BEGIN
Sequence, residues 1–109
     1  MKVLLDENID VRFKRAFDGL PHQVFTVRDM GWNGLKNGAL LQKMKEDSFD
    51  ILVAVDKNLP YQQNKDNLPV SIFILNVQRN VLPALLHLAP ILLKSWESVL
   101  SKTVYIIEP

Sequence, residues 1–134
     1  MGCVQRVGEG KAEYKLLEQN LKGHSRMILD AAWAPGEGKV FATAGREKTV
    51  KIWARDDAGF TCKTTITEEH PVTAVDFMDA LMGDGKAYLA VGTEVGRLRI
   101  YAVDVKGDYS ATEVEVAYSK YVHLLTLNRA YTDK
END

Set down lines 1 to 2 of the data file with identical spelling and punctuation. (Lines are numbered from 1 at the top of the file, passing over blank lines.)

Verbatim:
Sequence, residues 1–109
     1  MKVLLDENID VRFKRAFDGL PHQVFTVRDM GWNGLKNGAL LQKMKEDSFD